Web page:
GREEK DEBT Rioting in Greece has put the country's debt problems back into the spotlight. Europe has promised more bail-out money, but in return many Greek people will have their wages cut or could lose their jobs entirely. We look at how and why countries borrow money, and find out what happens when they can't pay it back. SPEECH WRITING This week we saw speculation that Julia Gillard's team were writing her acceptance speech as PM... even while Kevin Rudd was still in the top job. It got us thinking about the role of speechwriters in politics. How much of what politicians say is actually written by them? And how can speechwriters have so much influence when we don't even know who they are? CROC CULL The government is considering overturning the ban on crocodile hunting. Some indigenous land owners in the Northern Territory say safari hunting could bring economic benefits to the bush. But animal rights supporters aren't happy. A BUG'S LIFE If you've ever seen a locust or a snail at work in the garden you'll know the damage that insects can do to plants. But did you know that insects actually help many plants to grow? That's the lesson Australian scientists are teaching to Cambodian farmers and their kids to help the country grow the food it needs. BASEBALL KID For many people their first experience of baseball... is playing tee ball as a kid. And that's exactly how Daniel McGrath started out. But now the Aussie teen is on the verge of becoming a huge star. He's just been signed up by the Boston Red Sox, one of the world's most successful baseball teams.

24:30 | News and current affairs
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Behind The News

ABC

MINING TAX There's been a lot of talk in the news about the government's planned mining tax. We dig deep to find out what it's really all about. And we look at the arguments for and against the plan. ASBESTOS DANGER There could be something dangerous lurking close to where you are sitting... and you might not even know about it. Asbestos is a deadly material that's been used in many buildings. It's safe, but it becomes potentially deadly when it's moved. Now safety campaigners are blaming TV renovation shows for encouraging people to take on DIY tasks that could put them in danger. PASSWORD POWER When you leave your house in the morning, do you leave your front door wide open? Of course you don't! But while we're pretty good with security at home... we're not so good when it comes to online security. A new study has found that the most common security password is... password! CHRISTMAS TURKEYS Eating a roast turkey is a Christmas day tradition for many people. But have you ever wondered why that tradition began? And how do turkey farmers make money at other times in the year when people are less likely to buy turkeys? SURF LIFESAVERS More than 44,000 Aussies volunteer to be surf lifesavers. A lot of them are kids who give up their free time to try to keep our beaches as safe as possible. We go along to a training course to find out what you need to be able to do to take part.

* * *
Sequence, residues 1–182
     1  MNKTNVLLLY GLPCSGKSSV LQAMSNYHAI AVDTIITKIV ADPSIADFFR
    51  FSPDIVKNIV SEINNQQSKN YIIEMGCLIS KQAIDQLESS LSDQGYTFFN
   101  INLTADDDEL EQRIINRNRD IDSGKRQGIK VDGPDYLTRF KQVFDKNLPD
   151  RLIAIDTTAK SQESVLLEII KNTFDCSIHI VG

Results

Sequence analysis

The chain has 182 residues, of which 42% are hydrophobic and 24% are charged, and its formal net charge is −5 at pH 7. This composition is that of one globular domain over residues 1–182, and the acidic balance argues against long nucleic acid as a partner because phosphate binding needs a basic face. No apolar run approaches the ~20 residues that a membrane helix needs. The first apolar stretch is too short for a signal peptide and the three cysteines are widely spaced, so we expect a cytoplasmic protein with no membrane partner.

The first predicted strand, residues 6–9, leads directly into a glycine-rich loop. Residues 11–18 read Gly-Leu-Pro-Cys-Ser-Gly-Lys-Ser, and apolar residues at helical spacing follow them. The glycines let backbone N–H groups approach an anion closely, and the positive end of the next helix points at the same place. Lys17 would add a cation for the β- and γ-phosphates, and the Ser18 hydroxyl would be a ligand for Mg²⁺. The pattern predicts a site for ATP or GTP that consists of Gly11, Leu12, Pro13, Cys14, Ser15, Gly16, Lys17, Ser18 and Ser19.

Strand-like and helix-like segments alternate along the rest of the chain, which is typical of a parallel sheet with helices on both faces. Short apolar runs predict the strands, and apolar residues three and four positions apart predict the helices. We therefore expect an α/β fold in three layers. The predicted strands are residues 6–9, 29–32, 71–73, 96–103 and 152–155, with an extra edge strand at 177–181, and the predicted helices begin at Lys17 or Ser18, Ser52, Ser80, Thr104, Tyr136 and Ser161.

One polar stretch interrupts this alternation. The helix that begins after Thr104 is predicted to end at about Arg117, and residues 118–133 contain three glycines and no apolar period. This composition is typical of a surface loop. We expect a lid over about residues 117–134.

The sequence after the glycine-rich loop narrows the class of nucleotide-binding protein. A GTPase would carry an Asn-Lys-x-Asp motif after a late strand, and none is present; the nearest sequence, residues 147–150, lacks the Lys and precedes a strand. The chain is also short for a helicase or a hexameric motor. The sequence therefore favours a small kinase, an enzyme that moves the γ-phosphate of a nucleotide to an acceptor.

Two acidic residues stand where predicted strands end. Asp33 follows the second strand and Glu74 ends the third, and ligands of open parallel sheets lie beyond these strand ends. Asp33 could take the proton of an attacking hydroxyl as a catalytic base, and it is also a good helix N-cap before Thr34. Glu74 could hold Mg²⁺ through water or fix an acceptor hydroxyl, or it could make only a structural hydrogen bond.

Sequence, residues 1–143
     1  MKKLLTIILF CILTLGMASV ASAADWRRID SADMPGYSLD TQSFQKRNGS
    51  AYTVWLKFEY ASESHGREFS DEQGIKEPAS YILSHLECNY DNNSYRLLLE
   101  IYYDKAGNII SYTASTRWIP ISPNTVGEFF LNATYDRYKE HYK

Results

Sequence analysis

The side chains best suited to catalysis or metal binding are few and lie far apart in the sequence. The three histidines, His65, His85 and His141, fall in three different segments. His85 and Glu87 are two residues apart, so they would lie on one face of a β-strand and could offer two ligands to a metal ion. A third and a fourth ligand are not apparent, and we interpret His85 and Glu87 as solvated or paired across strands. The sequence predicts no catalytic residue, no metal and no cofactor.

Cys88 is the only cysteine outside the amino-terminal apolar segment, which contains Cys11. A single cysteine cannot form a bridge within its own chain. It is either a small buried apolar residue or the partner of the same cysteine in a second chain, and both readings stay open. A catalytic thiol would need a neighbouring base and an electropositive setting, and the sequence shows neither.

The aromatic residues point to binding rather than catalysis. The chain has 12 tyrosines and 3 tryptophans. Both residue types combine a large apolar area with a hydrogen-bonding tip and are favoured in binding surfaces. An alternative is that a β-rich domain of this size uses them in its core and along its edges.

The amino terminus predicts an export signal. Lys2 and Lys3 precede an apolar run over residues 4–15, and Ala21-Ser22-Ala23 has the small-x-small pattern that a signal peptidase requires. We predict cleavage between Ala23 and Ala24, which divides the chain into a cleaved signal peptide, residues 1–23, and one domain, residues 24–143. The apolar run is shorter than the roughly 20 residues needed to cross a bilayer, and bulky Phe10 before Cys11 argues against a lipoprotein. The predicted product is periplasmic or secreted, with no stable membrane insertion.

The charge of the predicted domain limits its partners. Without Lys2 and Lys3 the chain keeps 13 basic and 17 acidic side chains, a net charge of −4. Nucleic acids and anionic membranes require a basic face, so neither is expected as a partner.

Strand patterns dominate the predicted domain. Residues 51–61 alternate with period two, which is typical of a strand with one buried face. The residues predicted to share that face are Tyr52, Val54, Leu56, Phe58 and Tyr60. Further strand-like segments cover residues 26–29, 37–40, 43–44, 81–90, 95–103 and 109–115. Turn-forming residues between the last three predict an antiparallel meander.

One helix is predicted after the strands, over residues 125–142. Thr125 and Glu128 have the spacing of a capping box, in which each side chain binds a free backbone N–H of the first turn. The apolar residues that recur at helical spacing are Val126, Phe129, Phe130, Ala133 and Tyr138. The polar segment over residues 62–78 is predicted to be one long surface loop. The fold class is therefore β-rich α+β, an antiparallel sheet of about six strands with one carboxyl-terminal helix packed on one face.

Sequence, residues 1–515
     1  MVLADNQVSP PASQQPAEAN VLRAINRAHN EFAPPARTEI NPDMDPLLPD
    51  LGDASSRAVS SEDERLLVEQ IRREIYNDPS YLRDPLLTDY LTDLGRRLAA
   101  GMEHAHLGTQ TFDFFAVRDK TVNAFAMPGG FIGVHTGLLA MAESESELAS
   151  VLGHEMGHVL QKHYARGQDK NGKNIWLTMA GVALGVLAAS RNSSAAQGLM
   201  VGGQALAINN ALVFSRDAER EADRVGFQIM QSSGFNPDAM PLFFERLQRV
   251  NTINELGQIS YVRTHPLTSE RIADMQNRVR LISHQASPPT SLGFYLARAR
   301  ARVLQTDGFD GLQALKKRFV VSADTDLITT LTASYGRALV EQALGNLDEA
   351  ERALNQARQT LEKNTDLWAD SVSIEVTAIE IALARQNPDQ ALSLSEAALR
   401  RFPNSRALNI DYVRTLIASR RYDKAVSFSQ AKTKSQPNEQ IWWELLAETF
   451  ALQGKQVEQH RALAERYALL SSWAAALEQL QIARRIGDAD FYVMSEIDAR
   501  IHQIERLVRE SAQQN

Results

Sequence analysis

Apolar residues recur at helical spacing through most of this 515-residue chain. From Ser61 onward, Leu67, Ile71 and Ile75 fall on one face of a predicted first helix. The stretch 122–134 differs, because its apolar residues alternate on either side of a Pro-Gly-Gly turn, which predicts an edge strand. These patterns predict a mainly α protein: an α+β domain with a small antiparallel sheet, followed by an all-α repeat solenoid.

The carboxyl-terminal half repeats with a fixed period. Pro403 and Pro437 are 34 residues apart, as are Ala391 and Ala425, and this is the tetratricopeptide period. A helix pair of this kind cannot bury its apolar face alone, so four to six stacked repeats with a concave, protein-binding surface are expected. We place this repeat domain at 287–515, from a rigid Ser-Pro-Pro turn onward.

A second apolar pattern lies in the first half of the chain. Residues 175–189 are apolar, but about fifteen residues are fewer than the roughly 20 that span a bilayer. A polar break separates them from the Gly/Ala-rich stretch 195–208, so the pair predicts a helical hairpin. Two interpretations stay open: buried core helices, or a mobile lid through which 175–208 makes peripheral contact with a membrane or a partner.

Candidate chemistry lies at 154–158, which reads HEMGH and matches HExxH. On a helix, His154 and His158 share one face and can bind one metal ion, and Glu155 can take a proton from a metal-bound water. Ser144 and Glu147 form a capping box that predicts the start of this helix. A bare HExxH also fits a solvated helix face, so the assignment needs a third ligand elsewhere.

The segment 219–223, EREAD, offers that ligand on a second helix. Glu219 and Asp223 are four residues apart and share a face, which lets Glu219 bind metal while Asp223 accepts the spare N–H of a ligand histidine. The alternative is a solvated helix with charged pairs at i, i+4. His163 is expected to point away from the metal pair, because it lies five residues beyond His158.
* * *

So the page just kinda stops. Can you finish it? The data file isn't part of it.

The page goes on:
24:29 | News and current affairs
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Behind The News

ABC

COURTROOM CAMERAS Most weeks there�s a big court story in the news. Recently we were able to watch as Michael Jackson�s doctor was found guilty of helping to cause his death. But if it was in Australia, we wouldn�t have been able to see it. That�s because here, there are rules which stop TV cameras filming inside courts. But some people think that should change. We take a look at the arguments. REEF THREAT The Great Barrier Reef is the world�s largest coral reef. It�s home to thousands of different types of sea creatures. And it�s important to Australia�s economy too because it creates lots of money through tourism. It all sounds good... but some people are worried that new development around Queensland could be a threat to the future of the reef. DIABETES DAY How much do you know about diabetes? It�s World Diabetes Day which aims to raise awareness about the condition. BtN takes a look at what it�s like to live with diabetes, and explains the differences between type 1 and type 2 diabetes. MAWSON CENTENARY It�s approaching 100 years since Sir Douglas Mawson led the first Australasian expedition to Antarctica. His aim was to map and explore the coastal area of Antarctica closest to Australia. We take a look at how his work is continued today. TEACHER NOTE: The Australian Antarctic Division is holding a national competition relating to this story. Students are invited to write 100 words about what Antarctica will look like in another 100 years. The BtN website will link to the competition details after Tuesday�s program. DARWIN DROVERS Imagine if your school lessons involved riding a horse through 60 kilometres of outback terrain, chasing cattle and sleeping under the stars. Sound pretty cool? Well that's what some kids in the Northern Territory have been doing. They've been learning how work in the cattle industry, and they're keeping alive a proud Aussie tradition.

24:29 | News and current affairs
image/svg+xml

Behind The News

ABC

NEW MIGRANTS We've been hearing a lot from politicians about the best way to deal with asylum seekers. But amongst all the arguing about policy, it's easy to forget that we're actually talking about real people. BtN follows a family of new arrivals as they try to settle in Australia. KIDS' RIGHTS You've probably heard the phrase "human rights" before. It means that everyone has the right to a basic level of treatment. But did you know that there's also a set of Children's Rights? So what are they? RUGBY TV RIGHTS If you're a Rugby Union fan, you'll know that the World Cup final is this Saturday. But if you've been tuning in to BTN you might have noticed that we haven't said much about it. That might seem pretty strange, after all, the World Cup is big news. But as Sarah found out, with every big sporting event comes a big set of rules about who can use the pictures. SOLAR CARS An amazing car race across Australia is just winding up. What made it so amazing was that none of the cars ran on petrol. Instead, they were all powered by the sun! So if people are able to make cars to travel great distances that don't need petrol, why don't we see them on our roads? CLASSROOM DRAMA It's no secret that some school subjects are more popular than others. One school is trying to take advantage of a class's enthusiasm for drama... and apply it to other lessons. How are they doing it?